Almost just as relevant, Southeast has a stellar record of “qualifying” for the Championship Round.  The Qualifying Round of the competition is such that each of the NIBS member institutions is sent a “business case” by the NIBS organizing board.   It is up to the case competition coach/advisor of each institution to maintain a strict and ethical process by which the students are given the case and allowed a 6 hour time-frame to work out a solution.  During this time, they are sequestered away with only four books and no internet access.  This solution is limited to 1500 words, plus diagrams and tables.  The submission is then sent back to the NIBS judging panel where it is evaluated.

Southeast Missouri State is one of only two universities in the organization that have qualified for the final round, in each of the past 5 years. (The teams have also qualified in 7 of the 8 years that Southeast has been a member of the NIBS organization.)  During this time, the Southeast teams have traveled to Championship Round locations such as Dublin, Ireland; Coventry, England; St. John’s, Newfoundland, Canada; Rotterdam, the Netherlands; Leuven, Belgium; and London, England. In addition to the first-place win in 2012, there have been two 3rd place finishes.

In fact, according to Dr. Redmond, it was due to the sustained success of the Southeast team and a few of the others, that the Championship Round was expanded from 10 to 16 teams this year (2014).  Apparently, due to the fact that only 10 school previously qualified and given the dominance of a few schools, others were “complaining” about their difficulty in reaching this round and hence experiencing the learning experience that the students enjoy in that Championship Round setting.  So as noted, the field was expanded, but this in itself is a tribute in part to the excellence of the Southeast teams!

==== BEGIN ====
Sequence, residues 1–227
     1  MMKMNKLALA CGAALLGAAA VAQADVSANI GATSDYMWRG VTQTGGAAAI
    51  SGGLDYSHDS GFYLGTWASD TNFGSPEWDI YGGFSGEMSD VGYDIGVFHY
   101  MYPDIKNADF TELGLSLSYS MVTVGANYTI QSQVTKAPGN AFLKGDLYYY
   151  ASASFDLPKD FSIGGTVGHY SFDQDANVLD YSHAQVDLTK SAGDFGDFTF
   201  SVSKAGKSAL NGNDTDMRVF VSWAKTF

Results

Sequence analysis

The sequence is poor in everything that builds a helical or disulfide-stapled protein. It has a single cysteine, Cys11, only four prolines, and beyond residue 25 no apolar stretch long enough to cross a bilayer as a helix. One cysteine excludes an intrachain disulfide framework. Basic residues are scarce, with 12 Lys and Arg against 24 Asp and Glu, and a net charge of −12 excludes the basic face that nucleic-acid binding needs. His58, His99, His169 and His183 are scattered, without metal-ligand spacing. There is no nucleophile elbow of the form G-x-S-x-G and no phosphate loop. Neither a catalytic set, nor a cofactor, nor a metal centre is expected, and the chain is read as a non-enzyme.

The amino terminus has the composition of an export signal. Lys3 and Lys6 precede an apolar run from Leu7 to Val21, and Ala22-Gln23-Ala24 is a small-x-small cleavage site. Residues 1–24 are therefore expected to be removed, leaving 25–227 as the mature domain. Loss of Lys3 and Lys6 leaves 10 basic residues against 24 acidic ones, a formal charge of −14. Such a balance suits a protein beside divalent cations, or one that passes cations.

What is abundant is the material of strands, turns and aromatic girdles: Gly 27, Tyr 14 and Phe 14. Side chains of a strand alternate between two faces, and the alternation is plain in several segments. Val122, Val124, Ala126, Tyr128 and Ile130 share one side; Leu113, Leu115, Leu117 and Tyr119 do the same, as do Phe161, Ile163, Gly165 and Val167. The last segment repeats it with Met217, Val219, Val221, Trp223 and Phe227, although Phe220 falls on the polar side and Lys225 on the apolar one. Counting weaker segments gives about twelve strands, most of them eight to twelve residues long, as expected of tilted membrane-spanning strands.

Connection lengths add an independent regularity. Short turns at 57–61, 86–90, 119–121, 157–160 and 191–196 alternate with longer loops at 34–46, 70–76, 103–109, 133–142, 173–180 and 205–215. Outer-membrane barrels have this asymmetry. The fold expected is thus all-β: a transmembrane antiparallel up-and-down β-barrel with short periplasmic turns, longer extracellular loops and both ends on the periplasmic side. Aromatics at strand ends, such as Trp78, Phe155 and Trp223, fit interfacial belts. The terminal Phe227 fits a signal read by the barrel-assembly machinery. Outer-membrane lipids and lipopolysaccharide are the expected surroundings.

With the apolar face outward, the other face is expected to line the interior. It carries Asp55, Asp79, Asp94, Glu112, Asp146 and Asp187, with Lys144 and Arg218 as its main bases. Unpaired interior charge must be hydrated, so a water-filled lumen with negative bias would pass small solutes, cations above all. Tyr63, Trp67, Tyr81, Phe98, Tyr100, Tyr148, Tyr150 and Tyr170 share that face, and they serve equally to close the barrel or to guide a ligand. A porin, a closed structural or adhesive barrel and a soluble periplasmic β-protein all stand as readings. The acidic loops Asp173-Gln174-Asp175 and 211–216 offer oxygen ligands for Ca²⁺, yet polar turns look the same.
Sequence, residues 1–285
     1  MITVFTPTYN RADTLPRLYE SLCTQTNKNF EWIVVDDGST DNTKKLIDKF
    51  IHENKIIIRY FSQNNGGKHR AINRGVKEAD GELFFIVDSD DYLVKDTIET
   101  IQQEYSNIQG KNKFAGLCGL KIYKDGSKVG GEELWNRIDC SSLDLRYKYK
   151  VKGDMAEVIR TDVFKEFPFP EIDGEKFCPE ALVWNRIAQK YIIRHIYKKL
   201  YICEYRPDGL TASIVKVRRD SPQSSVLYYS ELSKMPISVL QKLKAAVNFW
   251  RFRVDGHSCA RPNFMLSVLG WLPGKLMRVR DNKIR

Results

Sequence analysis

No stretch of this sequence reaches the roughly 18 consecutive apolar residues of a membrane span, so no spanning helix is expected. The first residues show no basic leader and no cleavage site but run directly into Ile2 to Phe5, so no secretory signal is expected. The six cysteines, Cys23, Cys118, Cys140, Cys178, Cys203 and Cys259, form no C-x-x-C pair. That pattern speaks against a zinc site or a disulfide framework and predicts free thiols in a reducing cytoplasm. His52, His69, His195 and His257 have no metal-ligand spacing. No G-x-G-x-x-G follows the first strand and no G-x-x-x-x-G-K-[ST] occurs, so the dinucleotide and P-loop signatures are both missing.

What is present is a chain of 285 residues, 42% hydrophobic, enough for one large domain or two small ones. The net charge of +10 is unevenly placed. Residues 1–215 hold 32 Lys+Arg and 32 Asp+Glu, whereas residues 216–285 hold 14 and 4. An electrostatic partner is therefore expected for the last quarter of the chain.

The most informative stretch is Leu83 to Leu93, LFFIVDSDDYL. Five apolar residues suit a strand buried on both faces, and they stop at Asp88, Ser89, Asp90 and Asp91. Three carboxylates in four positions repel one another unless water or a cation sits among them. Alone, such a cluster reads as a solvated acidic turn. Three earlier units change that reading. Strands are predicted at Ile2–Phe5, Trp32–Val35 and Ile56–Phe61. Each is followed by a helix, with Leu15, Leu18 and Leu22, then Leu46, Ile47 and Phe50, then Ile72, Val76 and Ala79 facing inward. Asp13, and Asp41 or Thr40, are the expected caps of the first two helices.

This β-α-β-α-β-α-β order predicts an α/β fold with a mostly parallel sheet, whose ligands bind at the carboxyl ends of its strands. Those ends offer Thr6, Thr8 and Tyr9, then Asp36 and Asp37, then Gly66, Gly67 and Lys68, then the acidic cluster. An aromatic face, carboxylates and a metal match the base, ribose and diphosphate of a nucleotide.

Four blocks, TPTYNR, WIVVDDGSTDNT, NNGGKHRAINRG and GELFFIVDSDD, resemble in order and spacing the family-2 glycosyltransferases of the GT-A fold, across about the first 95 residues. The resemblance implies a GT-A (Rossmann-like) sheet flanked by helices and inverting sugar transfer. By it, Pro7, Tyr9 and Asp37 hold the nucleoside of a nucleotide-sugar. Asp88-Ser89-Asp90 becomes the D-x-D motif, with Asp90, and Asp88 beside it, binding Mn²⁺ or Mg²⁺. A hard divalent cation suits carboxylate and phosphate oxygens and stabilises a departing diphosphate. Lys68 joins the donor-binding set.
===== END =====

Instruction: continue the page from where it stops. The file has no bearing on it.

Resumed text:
“Those who really know about this competition, certainly realize that it is quite an accomplishment to be just included in the final number of teams that are invited to the Championship Round, as there are almost 100 schools in the NIBS organization,” said Dr. Redmond

“I must say that this is even more impressive for our students, if one understands that so many of the Canadian and European curriculums are predominantly “case-based”.  Many of the students from the other teams do most of their coursework in a “case framework” and then go to similar competitions. For example, our very distinguished semi-final opponent sent case teams to over 50 such competitions last year.  For our students to compete so well in this setting, I am very, very pleased. This reflects very positively on the quality of education that is being delivered by the Harrison College of Business and Southeast Missouri State as a whole.”

The NIBS Worldwide Case Competition is another step in Southeast’s continuous efforts (directly from our Mission Statement) to “emphasize student-centered and experiential learning” and to provide “a thorough general education with a global perspective”.  This is an invaluable experience for our students.  On one hand, they get the experience of thinking through varied business problems in a competitive setting, as a paid consultant may have to do. However, perhaps even more importantly, they get the experience of traveling to a different country and interacting daily with students from different cultures.